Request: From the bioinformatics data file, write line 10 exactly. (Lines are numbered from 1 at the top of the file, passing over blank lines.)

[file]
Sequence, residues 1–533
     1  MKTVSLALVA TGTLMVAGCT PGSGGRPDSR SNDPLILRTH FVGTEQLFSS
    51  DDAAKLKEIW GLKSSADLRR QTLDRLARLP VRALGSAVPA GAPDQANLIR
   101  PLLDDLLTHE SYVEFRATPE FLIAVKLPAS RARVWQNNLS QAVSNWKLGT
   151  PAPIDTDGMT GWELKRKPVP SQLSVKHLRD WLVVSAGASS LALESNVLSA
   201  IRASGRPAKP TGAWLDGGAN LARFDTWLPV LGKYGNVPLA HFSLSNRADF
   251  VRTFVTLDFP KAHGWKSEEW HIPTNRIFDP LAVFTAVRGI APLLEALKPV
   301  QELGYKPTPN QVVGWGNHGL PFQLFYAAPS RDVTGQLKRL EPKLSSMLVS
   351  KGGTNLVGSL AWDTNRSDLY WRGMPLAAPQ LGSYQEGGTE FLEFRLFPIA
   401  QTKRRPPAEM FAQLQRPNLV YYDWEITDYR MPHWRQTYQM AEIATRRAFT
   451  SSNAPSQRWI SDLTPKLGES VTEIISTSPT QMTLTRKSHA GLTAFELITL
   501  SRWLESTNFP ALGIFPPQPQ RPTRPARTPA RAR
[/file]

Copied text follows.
   401  QTKRRPPAEM FAQLQRPNLV YYDWEITDYR MPHWRQTYQM AEIATRRAFT